November 8, 2014

Testing Those Dehydrated Eggs

November has brought our first frost plus a wintry mix of cold rain and snow! After morning milking I thought, "What better than fresh hot pancakes for breakfast." But we are eggless. I hadn't had a single egg in several days. Usually I have a new batch of pullets coming on, so that I've never had a truly eggless winter. But we only had roosters hatch this year, which means my youngest ladies are going into their second molt, which means eggs will be few and far between. Fortunately I'd been diligent to preserve some! I decided to try some of my dehydrated raw eggs.

Home dehydrated powdered raw eggs

I measured out a rounded tablespoon for each egg.


Then added warm water and stirred. I found that two tablespoons of water to one tablespoon dried egg gave me the best consistency.

2 tbsp warm water to 1 rounded tbsp dried egg powder = 1 whole egg

Not exactly like fresh raw eggs, but good enough. This made about a quarter cup, the equivalent of two good size eggs. I let it sit while I assembled my other ingredients and got to work. The result?


Light, fluffy, and out-of-this-world delicious!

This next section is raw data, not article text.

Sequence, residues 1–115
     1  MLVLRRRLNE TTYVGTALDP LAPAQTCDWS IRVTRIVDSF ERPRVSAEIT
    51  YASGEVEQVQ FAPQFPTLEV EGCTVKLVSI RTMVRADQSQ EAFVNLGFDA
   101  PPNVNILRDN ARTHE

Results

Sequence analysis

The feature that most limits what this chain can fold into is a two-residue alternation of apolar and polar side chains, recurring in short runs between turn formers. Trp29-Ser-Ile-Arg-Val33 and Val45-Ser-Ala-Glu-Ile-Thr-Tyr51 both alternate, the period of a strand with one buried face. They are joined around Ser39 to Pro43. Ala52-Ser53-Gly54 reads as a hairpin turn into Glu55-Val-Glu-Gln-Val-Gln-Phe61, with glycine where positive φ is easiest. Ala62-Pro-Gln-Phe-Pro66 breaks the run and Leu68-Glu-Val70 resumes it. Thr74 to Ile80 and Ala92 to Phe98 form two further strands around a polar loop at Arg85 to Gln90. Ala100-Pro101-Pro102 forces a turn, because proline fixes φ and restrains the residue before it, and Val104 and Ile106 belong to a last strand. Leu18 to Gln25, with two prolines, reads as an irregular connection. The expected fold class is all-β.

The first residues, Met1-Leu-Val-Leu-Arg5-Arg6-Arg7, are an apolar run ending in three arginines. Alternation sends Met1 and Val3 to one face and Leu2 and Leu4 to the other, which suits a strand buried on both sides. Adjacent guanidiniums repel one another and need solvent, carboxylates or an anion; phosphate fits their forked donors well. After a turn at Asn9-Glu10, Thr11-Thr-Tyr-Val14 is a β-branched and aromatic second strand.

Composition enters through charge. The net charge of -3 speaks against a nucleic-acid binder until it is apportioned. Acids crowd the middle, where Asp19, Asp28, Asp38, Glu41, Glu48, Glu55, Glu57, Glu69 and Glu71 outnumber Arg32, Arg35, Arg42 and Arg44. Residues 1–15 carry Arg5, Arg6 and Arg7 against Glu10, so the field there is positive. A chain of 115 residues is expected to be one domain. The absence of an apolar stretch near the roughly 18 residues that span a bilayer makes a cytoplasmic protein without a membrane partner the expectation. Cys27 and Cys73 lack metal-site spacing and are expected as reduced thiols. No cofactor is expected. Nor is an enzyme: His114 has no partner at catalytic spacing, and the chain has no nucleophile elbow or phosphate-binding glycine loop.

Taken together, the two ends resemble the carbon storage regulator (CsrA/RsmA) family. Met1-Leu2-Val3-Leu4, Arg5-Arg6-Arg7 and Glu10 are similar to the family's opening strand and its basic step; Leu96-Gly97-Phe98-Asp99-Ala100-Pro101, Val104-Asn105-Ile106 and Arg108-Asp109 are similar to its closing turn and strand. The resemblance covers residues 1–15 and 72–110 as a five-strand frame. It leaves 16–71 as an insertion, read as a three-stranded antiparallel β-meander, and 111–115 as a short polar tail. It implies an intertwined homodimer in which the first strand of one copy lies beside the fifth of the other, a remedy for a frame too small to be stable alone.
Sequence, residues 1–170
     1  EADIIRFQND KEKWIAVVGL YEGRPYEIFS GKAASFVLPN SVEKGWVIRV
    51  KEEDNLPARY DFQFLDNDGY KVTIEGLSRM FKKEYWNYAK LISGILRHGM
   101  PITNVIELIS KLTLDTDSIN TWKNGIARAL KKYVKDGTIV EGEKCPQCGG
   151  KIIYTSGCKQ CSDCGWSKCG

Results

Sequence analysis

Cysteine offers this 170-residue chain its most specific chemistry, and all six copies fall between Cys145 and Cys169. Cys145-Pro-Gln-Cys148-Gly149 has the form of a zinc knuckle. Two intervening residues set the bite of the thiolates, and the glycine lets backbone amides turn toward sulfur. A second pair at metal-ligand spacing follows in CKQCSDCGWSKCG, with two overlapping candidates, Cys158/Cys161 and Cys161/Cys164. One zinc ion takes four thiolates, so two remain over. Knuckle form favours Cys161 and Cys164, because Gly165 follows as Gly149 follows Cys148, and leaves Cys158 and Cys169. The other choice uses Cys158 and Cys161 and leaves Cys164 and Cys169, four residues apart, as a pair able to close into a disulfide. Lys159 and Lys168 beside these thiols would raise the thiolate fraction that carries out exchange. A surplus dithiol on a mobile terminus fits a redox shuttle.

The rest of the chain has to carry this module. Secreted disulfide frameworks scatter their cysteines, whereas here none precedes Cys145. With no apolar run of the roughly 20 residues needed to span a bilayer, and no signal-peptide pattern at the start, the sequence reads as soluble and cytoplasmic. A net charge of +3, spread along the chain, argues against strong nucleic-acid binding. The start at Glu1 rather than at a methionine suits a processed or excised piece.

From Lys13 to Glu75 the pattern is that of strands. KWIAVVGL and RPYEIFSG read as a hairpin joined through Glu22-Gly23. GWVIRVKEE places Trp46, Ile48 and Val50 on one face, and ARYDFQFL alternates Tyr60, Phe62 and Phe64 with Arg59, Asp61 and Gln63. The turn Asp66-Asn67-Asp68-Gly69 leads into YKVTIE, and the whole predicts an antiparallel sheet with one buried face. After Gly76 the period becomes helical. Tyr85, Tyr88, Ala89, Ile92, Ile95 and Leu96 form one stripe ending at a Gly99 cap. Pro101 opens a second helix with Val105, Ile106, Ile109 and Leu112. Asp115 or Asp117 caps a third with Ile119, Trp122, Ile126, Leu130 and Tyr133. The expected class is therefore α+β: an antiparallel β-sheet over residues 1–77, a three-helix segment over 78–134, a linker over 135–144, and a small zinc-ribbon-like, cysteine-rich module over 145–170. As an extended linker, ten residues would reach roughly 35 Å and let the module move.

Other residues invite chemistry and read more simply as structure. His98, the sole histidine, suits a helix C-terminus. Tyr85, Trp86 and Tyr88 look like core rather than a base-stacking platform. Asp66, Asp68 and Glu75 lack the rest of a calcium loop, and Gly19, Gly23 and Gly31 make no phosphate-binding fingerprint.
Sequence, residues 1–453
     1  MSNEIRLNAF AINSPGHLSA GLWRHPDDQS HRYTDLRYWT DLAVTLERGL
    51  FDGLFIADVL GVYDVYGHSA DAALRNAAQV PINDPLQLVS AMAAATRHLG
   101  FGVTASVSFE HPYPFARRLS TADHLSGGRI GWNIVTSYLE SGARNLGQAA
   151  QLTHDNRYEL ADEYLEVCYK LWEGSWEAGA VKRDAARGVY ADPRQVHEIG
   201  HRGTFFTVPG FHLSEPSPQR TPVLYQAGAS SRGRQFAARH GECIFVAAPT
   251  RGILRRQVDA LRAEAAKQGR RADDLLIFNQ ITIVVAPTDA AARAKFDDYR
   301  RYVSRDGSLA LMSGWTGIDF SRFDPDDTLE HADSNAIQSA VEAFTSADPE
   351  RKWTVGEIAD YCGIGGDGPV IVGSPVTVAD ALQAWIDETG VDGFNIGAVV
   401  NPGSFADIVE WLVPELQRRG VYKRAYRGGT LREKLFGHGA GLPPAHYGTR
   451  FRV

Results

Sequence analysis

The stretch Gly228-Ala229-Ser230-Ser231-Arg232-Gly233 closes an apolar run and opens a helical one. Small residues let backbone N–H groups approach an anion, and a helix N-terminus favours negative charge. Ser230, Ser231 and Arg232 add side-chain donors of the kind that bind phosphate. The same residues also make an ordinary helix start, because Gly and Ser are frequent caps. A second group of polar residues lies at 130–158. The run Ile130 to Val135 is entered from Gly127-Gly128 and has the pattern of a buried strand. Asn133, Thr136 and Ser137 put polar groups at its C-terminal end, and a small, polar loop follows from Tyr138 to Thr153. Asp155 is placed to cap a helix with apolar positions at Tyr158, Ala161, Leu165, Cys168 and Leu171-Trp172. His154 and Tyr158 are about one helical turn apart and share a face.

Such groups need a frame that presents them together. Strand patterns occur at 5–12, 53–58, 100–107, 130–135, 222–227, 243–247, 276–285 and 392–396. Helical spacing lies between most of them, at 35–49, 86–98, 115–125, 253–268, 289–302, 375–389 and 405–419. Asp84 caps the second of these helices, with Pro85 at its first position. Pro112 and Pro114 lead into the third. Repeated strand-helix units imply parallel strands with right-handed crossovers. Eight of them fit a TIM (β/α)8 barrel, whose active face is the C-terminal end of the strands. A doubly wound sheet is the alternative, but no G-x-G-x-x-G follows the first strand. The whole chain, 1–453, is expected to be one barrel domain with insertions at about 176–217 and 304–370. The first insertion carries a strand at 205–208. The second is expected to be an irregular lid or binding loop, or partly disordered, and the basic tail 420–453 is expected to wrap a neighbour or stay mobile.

I didn't mention the eggs to Dan until he was well into his second helping. He was impressed! And so was I. Recipe below.

Dehydrated Egg Pancakes

  • 2 rounded tbsp dehydrated raw eggs
  • 4 tbsp warm water for reconstituting the eggs
  • 1 cup white whole wheat flour
  • 1 cup unbleached white flour
  • 1 tsp salt
  • 1 tsp baking soda
  • 1/4 cup whey
  • 1 3/4 cup milk
  • 1/4 cup melted butter

Mix dried egg and warm water, stir well and set aside while assembling other ingredients. Mix remaining dry ingredients in a separate bowl, then add whey, milk, butter, and eggs. Cook on a hot griddle until golden brown on both sides. Serve immediately! Makes about a dozen pancakes.

Recipe Notes:

  • Of course you can substitute any type of flour, liquid, or fat you wish. I use what's on hand and we really like the flavor using the above combination.
  • I don't use baking powder, so the soda and whey serve as my homemade substitute. The baking soda (a base) and whey (an acid) combine to create carbon dioxide bubbles, which cause baked goods to rise.  

The question is, would I dry eggs again next summer for winter use? The answer is possibly.

In the plus column I have no complaints about the dried eggs themselves. Besides passing the pancake test with flying colors, they were much easier to use in a pinch than my usual frozen eggs, which require planning ahead to defrost. Dried take up less storage space too. Because of our warm climate and their potential to go rancid, I refrigerated them (freezing would work too), so there were no caking issues from the humidity.

On the other hand, the dehydrating process was slow due to the liquid content of the beaten eggs. Not that my electric dehydrator pulls a lot of watts, but it's in constant use during the summer so drying lots of eggs means something else would have to wait. (My solar oven got too hot when I experimented drying blueberries so I wouldn't use it. It would cook the eggs!).